Almost 300 people have been sickened in six countries and two have died in an outbreak of Salmonella infections linked to eggs.

More than 210 cases have been reported in France with 22 in Spain, 12 each in the Netherlands and the United Kingdom, seven in Norway and three in Denmark in 2021. The most recent patient was in Norway with a sampling date of Dec. 22, according to an assessment by the European Centre for Disease Prevention and Control (ECDC) and European Food Safety Authority (EFSA).

Additional  patients are likely to be identified because of the time it takes for infections to be identified and confirmed and then reported to authorities. ECDC said the risk of new infections caused by the outbreak strain and contaminated eggs remains high.

Infections were recorded in all age groups from less than 1 to 93 years old. A 66-year-old man in France and a 58-year-old man with underlying conditions in Spain have died. Of 80 cases with known information, 25 were hospitalized.

Consumption of eggs in some form was reported by all 60 interviewed cases, and of poultry products by 39 of 42 patients.

Some patients in France had eaten at restaurants serving eggs distributed by a common supplier, a Spanish packing center. Eggs came from three Spanish farms and one tested positive for the outbreak strain of Salmonella. It was found in an official dust sample collected in late July 2021.

Fresh table eggs from these farms were withdrawn and only used in heat-treated products. No other countries received eggs from the farms via this packing center during summer 2021. So, the source of infection for patients in late 2021 and in countries except Spain and France could not be identified.

Salmonella Enteritidis was also detected in an official fecal sample from a flock of another Spanish farm in September 2021. It is owned by and adjacent to the packing center. Spanish authorities found that no own-check sampling had been done at the farm as part of the National Salmonella Control Program since November 2019.

Link to past infections
The 2021 outbreak is microbiologically linked to a cross-border incident reported by the Netherlands in 2019. Eggs consumed by cases in the Dutch outbreak were traced to a Spanish farm, but investigators did not find an epidemiological connection between the outbreaks.

According to analyses in France, the Netherlands and Spain, no common operator could be identified between the outbreak in France in 2021 and the one in the Netherlands in 2019. The farms and packing centers involved are also located in geographically different areas.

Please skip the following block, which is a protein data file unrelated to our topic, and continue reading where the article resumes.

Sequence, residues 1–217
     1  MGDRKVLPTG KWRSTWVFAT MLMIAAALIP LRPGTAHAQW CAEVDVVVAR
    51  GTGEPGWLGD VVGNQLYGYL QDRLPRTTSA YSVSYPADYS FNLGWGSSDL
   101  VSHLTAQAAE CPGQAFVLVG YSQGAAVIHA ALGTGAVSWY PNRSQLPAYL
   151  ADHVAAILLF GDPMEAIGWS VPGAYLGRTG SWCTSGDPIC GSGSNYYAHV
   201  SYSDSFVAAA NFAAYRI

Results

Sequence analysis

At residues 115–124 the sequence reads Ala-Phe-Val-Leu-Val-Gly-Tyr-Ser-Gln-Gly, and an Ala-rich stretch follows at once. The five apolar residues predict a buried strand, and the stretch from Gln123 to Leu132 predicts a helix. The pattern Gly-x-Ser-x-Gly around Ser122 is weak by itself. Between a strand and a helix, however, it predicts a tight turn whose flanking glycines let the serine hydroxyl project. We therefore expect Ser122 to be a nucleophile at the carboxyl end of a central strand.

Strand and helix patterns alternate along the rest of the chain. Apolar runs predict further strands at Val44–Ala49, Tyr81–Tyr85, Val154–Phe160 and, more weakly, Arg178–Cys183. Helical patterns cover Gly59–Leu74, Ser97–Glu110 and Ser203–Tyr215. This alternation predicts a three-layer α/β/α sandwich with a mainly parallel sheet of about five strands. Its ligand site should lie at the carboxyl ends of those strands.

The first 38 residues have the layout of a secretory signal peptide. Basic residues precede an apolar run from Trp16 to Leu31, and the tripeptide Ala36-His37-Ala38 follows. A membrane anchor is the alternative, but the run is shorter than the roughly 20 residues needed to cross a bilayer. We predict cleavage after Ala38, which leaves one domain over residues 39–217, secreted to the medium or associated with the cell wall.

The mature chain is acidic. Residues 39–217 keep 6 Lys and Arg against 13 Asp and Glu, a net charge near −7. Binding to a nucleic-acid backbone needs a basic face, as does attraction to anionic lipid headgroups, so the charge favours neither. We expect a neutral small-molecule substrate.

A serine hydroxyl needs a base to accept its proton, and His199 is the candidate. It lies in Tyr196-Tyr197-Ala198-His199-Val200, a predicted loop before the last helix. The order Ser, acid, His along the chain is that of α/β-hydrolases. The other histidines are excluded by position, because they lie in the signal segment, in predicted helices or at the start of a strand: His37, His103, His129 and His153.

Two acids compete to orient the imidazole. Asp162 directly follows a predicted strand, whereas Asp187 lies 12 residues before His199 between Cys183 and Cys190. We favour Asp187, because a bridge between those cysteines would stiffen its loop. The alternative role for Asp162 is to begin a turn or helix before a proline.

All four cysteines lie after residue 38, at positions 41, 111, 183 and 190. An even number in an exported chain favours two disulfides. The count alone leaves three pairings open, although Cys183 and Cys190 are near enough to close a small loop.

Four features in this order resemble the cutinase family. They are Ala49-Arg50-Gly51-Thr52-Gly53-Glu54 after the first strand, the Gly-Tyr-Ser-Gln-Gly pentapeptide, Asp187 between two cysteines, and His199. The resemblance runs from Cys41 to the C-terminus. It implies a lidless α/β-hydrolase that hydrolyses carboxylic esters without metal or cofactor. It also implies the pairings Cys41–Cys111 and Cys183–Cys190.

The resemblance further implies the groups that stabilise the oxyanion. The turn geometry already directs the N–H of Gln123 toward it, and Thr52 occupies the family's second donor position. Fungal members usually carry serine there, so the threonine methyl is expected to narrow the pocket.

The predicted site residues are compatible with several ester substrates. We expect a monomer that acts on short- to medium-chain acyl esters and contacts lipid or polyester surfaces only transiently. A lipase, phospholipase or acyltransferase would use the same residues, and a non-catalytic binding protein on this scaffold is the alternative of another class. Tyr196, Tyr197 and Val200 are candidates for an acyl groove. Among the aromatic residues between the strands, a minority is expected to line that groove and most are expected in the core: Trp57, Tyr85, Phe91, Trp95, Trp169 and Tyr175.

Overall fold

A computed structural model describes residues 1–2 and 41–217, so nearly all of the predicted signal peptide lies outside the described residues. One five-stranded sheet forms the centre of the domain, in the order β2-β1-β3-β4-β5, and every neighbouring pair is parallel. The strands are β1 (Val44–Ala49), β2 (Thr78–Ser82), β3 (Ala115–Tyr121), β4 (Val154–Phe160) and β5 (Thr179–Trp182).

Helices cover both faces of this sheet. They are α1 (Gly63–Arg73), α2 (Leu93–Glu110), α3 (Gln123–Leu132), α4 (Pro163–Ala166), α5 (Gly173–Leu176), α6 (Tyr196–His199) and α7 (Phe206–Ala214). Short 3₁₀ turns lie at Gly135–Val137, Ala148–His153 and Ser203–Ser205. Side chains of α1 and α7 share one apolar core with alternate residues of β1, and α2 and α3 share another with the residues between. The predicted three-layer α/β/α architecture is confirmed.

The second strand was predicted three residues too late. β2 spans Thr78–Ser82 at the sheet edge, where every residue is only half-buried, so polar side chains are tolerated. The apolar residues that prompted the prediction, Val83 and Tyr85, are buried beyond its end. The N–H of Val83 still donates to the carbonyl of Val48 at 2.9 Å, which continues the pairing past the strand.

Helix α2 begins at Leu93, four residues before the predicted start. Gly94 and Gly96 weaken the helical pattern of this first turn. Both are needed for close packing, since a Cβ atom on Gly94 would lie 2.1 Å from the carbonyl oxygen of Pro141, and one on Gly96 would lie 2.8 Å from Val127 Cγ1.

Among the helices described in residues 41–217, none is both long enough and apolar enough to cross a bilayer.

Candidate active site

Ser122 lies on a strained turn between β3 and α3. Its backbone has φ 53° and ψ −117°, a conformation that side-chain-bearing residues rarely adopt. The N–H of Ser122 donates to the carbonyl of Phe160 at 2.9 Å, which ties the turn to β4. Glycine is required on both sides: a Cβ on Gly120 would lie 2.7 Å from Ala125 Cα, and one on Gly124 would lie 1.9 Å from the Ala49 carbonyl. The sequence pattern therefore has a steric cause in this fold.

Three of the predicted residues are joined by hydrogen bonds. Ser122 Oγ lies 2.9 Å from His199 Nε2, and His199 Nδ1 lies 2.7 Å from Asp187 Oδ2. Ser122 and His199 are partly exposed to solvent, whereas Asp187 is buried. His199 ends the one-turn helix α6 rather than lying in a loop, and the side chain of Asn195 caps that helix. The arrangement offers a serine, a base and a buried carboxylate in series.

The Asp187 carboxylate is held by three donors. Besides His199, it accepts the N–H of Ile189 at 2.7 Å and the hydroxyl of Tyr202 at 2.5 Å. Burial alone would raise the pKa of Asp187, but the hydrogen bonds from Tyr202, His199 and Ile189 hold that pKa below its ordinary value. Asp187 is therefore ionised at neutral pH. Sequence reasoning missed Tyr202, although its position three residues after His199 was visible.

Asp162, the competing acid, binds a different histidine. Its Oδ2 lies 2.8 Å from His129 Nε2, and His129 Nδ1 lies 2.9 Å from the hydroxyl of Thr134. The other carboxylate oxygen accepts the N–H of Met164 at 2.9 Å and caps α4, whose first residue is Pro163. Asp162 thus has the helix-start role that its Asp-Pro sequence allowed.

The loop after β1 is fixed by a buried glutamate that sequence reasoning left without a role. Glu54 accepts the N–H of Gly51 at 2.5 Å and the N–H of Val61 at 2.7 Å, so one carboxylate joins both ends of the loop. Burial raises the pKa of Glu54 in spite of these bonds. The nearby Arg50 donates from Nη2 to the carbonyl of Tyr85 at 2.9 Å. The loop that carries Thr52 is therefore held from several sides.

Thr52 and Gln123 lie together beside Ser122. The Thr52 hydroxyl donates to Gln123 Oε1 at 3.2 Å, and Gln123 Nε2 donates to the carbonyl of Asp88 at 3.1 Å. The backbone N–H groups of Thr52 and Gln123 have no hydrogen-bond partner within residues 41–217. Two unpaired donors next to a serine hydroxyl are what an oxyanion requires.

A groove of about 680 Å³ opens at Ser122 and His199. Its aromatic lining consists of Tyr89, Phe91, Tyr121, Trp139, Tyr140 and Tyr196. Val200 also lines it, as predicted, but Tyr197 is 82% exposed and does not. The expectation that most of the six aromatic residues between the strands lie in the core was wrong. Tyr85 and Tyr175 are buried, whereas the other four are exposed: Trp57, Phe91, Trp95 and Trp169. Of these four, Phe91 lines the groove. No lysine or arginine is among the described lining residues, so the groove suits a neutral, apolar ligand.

Findings suggest a wide distribution of the outbreak strain that could affect the supply chain or earlier steps in the production chain. There may be multiple sources of this type of Salmonella Enteritidis, and it could be circulating at other farms in Spain or in other countries, said ECDC.

Another 801 genetically close historical patients were reported before 2021. This includes more than 300 in France, 56 in the Netherlands, 75 in Norway, 70 in Spain, and 255 in the UK.

In the Netherlands, 17 historical cases have been identified from 2020; 36 in 2019 and three in 2018. Spain reported one case in 2020, 39 in 2019, and 30 in 2018.

Eleven patients were previously detected in Denmark: two in 2020, four in 2019, three in 2018, one in 2014 and one in 2013. Norway had 35 cases in 2020, 29 in 2019 and 11 in 2018.

In the UK, 33 cases were identified in 2020, 144 in 2019, 73 in 2018 and five in 2017. Germany had two cases in 2020, 17 in 2019, three in 2018, one in 2017, and one in 2016. Ireland had five patients that had been to Spain with sampling between October 2018 and January 2020.

Overall, more than 1,000 Salmonella Enteritidis cases have been recorded in seven EU countries and the UK from 2013 to 2021. However, there was only one in 2013, 2014, 2016 and six in 2017. This shot up to 192 in 2018, 381 in 2019, 219 in 2020 and 272 in 2021.

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